According to The Senior Citizens League, the sleight of hand behind it is a formula for calculating the Cost of Living Adjustment (COLA) that has robbed seniors of 33% of their buying power since 2010.
Since then, annual COLA increases have averaged a meager 1.375%. That means the average recipient has received a COLA increase of less than $20 a month. For many, the con job is even more vexing because much of that gain is taken back with increases in Medicare premiums.
These annual COLA adjustments are based by the U.S. Bureau of Labor Statistics (BLS) on a formula that uses the Consumer Price Index for All Urban Wage Earners and Clerical Workers — a lengthy descriptor that’s usually abbreviated as CPI-W. Therein lies the problem — this index does not accurately reflect the rising costs that most affect seniors — such as medical care and drugs, food/staples and rent. Even the most modest estimates suggest these costs are increasing at a rate of somewhere between 5% and 10% annually.
About 1,000 current and retired Ohio educators skeptical of the true financial shape of their $90 billion state pension fund are preparing to sue to force greater cooperation with a $75,000 self-funded investigation of its books.
The forensics audit, financed through money raised from members, is being undertaken by pension investment expert Ted Siedle — a former Securities Exchange Commission attorney, financial forensics investigator, and co-author of the book “Who Stole My Pension?”
The public records lawsuit will ask the Ohio Supreme Court to force the State Teachers Retirement System, serving some 500,000 active, inactive, and retired members, to release information that investment firms have claimed is proprietary or a trade secret.
A plan proposed by Vermont lawmakers to bolster the state’s pension systems, which are facing nearly $3 billion in unfunded liabilities, has been resoundingly panned by state teachers and public employees who said they felt abandoned and betrayed.
According to a draft of the pension reform plan released by the state’s House lawmakers, teachers and state employees would be required to pay more in contributions to the fund, stay in the workforce longer, and get less in monthly benefits when they retire. Additionally, cost of living adjustments (COLAs) would apply only to the first $24,000 of the retirement benefit, and to be vested in the program, employees would have to work twice as long—a minimum of 10 years from the current five.
Chicago households are on the hook for a combined $63,000 in Chicago-only debt, based on Moody’s calculations. It’s why the city and the school district have been junk rated for years.
Pritzker’s COLA increase runs against what most of Illinois’ political elite already know – COLA cuts are necessary and inevitable at all levels of government. As Greg Hinz said in his review of Wirepoints’ Pension Solutions, “…that juicy perk over time has amounted to megabillions that state government just doesn’t have.”
The COLA hike will cause more financial headaches for Chicago. Mayor Lori Lightfoot says the COLA increase will cost the city an additional $18 to $30 million a year in pension costs. In all, the perk will force taxpayers to pay an additional $850 million over time.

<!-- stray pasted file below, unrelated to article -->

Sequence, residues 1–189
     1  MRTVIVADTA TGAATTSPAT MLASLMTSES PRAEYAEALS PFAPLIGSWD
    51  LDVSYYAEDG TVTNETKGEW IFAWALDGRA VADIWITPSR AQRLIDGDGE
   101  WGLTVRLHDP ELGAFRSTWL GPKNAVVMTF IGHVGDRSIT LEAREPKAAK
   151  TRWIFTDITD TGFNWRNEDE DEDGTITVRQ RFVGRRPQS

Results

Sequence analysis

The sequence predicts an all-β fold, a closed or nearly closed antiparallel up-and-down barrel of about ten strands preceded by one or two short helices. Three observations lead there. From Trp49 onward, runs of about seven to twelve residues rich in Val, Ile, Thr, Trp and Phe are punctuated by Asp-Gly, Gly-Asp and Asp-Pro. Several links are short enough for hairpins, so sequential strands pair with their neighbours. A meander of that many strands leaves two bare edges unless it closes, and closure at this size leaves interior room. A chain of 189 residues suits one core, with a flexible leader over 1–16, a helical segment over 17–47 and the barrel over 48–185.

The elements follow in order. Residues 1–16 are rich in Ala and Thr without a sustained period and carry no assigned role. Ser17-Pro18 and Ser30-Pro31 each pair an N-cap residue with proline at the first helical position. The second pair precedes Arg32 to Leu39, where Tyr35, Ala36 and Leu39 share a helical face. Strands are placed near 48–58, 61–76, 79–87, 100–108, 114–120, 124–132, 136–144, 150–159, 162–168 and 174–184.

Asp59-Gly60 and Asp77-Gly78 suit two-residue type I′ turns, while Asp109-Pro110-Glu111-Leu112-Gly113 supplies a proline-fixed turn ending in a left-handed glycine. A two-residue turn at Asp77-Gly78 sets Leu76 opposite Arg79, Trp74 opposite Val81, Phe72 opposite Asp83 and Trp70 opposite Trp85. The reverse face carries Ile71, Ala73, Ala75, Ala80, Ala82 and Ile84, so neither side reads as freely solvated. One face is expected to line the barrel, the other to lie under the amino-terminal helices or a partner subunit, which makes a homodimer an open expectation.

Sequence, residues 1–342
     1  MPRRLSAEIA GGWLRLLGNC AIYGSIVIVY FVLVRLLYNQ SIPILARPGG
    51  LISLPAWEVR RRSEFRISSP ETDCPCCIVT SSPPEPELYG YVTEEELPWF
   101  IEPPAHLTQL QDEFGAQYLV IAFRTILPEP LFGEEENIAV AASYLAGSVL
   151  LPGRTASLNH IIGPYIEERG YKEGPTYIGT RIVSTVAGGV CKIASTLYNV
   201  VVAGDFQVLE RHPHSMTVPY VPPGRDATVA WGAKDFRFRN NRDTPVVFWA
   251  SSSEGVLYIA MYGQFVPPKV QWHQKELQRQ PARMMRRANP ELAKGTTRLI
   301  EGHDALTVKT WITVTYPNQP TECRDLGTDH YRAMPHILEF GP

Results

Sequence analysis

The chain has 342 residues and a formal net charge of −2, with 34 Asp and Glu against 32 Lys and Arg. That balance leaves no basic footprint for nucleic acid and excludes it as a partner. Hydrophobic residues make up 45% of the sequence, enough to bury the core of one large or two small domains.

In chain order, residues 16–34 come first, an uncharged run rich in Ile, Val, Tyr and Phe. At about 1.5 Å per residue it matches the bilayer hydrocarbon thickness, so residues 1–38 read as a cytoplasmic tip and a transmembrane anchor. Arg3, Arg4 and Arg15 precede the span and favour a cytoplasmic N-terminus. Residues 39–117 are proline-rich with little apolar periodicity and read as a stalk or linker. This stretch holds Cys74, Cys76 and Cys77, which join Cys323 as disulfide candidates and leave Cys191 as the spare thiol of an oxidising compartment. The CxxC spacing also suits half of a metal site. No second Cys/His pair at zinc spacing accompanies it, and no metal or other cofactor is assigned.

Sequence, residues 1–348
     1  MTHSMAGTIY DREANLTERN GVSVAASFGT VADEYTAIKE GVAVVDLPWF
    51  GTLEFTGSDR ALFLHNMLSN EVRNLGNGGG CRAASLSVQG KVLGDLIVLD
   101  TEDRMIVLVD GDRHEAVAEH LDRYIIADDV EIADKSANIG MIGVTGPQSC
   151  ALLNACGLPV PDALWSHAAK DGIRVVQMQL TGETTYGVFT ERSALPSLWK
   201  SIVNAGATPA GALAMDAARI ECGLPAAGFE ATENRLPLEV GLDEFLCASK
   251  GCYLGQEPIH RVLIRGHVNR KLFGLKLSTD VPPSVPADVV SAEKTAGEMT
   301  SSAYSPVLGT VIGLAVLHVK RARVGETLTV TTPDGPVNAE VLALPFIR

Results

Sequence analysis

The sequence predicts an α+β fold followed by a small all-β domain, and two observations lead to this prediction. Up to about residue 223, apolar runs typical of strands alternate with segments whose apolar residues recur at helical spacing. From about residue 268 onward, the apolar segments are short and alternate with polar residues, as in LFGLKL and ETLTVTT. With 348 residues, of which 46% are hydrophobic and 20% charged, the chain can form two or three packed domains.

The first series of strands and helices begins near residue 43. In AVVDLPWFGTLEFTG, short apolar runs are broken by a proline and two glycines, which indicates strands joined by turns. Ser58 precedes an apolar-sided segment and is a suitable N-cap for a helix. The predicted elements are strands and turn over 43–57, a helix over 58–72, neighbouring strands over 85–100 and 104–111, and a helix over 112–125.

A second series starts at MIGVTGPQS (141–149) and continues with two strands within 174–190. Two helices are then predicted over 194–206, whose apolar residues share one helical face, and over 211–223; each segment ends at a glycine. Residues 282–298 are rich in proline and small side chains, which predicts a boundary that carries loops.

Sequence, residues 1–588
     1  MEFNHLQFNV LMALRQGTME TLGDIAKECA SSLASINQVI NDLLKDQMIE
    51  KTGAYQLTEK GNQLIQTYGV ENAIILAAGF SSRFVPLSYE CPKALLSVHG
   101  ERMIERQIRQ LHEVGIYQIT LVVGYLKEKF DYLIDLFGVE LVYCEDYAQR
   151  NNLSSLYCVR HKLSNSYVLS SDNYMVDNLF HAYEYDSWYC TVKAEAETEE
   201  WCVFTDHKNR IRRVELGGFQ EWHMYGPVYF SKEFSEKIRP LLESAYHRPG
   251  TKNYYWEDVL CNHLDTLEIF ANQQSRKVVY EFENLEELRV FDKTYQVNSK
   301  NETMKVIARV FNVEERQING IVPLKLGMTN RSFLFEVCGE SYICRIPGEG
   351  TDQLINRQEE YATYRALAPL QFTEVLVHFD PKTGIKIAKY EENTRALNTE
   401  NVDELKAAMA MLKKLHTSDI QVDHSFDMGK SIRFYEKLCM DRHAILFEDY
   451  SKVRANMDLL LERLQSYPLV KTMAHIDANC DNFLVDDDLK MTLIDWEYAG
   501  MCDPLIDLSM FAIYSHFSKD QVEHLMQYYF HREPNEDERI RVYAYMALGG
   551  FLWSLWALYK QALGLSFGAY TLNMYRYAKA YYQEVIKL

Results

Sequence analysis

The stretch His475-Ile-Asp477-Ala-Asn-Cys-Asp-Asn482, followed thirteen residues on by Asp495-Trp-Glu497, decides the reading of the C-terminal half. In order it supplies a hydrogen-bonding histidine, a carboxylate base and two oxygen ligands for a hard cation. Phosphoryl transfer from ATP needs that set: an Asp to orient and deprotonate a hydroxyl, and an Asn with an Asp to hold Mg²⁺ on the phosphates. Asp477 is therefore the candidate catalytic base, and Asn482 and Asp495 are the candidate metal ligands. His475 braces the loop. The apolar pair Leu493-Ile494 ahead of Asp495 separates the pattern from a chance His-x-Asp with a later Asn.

Illinois Gov. J.B. Pritzker signed legislation that benefits retired Chicago firefighters, rejecting city warnings adding to its already burdensome pension tab could damage ratings and drive up taxes.
The added cost to bring cost-of-living adjustments for all firefighters in tier one up to a simple 3% annual increase despite their birth date amounts to $18 million to $30 million annually and up to $823 million in full by 2055 when the fund is slated to reach a 90% funded ratio.
Pending legislation to do the same for the police fund carries a steeper price tag of up to $90 million annually and $2.6 billion through 2055.
HB 2451 addresses disparate pension benefits among Chicago firefighters. Currently, employees eligible for a pension in the Firemen’s Annuity and Benefit Fund of Chicago (FABF) who were born after January 1, 1966 are granted a 1.5 percent COLA. However, firefighters who may have started on the force the same day, may unfairly receive different benefits based on their dates of birth. The legislation addresses this discrepancy by adjusting the COLA for these firefighters from 1.5 percent to 3 percent.
The legislation eliminates the 30 percent cap on cumulative COLA adjustments. For employees eligible for a 1.5 percent COLA, they would have hit the cap at 20 years. The reforms made in this legislation provides firefighters the ability to plan for themselves and their families.
When it comes to politics and government, Chicago is a force unto itself. Its strengths and weaknesses are, mostly, of its own making.
But the city was recently victimized by the General Assembly, and it’s important for the people of Illinois to know why. What happened speaks to a serious problem — a Legislature seemingly untethered to reality.
Unfortunately, state legislators voted during the recent lame-duck session to increase retirement benefits for 2,200 Chicago firefighters.
Mayor Lori Lightfoot, as a newspaper headline put it, objected “strenuously” to the Legislature’s action.
She correctly described it as a “massive unfunded mandate to the taxpayers of Chicago at a time when there are no funds to cover this new obligation.”
The only remaining provider of inflation-protected annuities in the United States is the federal government through Social Security. Retirees today can buy more of this income by waiting until age 70 to claim Social Security, thereby boosting their inflation-protected income by 30% over their full retirement age.
For healthy, higher-income retirees who have seen the largest improvements in longevity in recent decades, this increase in lifetime inflation-protected income appears to be a bargain.